Subject: Dallas mayor's plan to spur southern growth focuses on key corridors

Staff Writer

Published: 10 February 2012 05:25 PM

Dallas’ greatest opportunities and most intractable troubles have long been wound together in the open land and scattered neighborhoods south of the Trinity River. Now, seeking to capitalize on those opportunities and minimize the troubles, Mayor Mike Rawlings is unveiling a plan he hopes will bring economic growth to eight key corridors of southern Dallas and help change perceptions of the entire area.

Returning to a key plank of his campaign, Rawlings sat down this week to discuss details of the plan that he will roll out Monday at a community meeting in the Cedars. “Growing southern Dallas is one of the most important things I feel I can do as mayor, and I want to make sure we do this in an organized fashion,” he said.

The plan, crafted over months with city staff, boils down to building on successes by focusing money on key areas, leveraging new investment as those areas grow and shifting attitudes by cleaning up and marketing the neighborhoods of southern Dallas. Past mayors, including Rawlings’ predecessor, Tom Leppert, had their own plans for improving southern Dallas that often made little progress.

But certain parts of southern Dallas have changed for the better — dramatically in some cases — over the past decade.

Rawlings pointed to the Bishop Arts District and to Pinnacle Park, near Interstate 30 and Loop 12, where strong private investment has taken root. And he talked about West Dallas and the area around the University of North Texas at Dallas, where major public investments can be capitalized upon.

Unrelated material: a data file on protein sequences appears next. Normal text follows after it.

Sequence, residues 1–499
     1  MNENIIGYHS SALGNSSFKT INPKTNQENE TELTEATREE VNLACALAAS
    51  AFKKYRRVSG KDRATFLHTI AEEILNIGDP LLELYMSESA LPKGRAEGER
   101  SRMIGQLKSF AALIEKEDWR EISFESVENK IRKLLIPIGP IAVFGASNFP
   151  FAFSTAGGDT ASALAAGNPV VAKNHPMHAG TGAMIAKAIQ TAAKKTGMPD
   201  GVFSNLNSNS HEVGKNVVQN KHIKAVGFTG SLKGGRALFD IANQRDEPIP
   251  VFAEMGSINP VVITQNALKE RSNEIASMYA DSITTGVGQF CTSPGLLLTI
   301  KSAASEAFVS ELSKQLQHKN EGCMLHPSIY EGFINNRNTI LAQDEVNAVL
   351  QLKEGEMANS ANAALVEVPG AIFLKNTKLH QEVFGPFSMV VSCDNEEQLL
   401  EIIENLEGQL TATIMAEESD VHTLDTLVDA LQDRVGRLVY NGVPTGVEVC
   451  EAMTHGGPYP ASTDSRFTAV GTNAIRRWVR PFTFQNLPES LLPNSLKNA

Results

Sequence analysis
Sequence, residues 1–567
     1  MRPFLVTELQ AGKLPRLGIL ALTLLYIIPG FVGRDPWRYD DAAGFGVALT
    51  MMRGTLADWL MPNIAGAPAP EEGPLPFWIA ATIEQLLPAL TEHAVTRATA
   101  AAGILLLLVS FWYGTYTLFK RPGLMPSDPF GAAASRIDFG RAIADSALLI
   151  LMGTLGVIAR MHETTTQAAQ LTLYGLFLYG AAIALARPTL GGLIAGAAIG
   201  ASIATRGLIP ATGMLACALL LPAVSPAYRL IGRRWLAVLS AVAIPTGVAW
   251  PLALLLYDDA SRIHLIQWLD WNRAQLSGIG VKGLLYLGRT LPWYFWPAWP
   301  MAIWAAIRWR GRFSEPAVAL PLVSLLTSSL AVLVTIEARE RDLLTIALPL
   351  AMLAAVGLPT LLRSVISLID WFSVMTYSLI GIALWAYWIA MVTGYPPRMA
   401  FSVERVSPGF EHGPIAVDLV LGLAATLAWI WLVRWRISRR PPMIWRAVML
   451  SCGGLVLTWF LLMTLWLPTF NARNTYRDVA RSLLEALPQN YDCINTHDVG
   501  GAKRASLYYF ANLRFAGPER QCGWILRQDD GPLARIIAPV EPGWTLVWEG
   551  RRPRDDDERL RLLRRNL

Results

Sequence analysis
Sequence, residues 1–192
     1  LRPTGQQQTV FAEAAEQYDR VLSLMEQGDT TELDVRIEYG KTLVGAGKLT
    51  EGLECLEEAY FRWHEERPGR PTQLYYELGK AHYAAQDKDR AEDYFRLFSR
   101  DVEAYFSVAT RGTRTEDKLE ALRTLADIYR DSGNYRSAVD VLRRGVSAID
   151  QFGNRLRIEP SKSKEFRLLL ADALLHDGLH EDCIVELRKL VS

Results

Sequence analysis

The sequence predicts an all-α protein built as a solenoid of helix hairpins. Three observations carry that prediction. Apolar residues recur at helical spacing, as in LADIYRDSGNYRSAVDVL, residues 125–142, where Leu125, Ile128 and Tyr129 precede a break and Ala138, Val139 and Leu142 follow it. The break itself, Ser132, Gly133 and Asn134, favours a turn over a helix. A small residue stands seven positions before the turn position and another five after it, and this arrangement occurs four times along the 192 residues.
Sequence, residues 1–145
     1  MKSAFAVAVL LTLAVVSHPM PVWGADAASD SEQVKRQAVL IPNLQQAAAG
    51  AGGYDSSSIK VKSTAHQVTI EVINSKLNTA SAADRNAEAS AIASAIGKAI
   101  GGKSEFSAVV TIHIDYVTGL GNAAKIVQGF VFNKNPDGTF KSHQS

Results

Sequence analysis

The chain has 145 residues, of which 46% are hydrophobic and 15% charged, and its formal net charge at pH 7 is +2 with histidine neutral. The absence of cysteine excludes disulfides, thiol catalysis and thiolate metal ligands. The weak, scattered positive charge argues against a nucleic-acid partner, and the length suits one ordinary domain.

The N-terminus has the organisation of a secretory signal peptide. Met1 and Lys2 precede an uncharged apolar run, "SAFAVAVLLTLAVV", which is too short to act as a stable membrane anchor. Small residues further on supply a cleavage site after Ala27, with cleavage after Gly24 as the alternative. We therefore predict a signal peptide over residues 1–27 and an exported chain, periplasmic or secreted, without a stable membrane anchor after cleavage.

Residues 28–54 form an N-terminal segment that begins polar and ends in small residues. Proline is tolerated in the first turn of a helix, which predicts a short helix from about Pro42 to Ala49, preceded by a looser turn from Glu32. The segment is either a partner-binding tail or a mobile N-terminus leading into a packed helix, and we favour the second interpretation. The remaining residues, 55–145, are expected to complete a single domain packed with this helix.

Investors need to know that these are the places where the returns will be, Rawlings said. “I’m a salesman, unabashedly, about the investment opportunities I think exist. And I want to be clear about where I’m going to be spending my time in my administration,” he said.  He said he is already working to bring investors to the area to show them what has been done and what is coming.

KEY AREAS: Corridors emphasized in city’s plan

Mayor Mike Rawlings’ plan for southern Dallas focuses broadly on eight areas, with long-term (two years) and short-term (one year) goals for each. Here’s a look at some of the goals for each area:

West Dallas Gateway: Overhaul Herbert Street north of Singleton; continue work on restaurant district; build new Continental pedestrian bridge; replace Sylvan Avenue bridge; make improvements recommended by Complete Streets Demonstration Project.

Pinnacle Park: Begin construction of new frontage road along the south side of I-30 from Cockrell Hill Road to Westmoreland Road; begin construction of 130-unit Hillside West apartments on West Davis Street.

North Oak Cliff: Complete “Main Street Plan” for Jefferson Boulevard and strategic plan for Bishop Arts District; begin construction of Oak Cliff streetcar starter line; make improvements recommended by Complete Streets Demonstration Project and zoning changes consistent with Oak Cliff Gateway land use plan.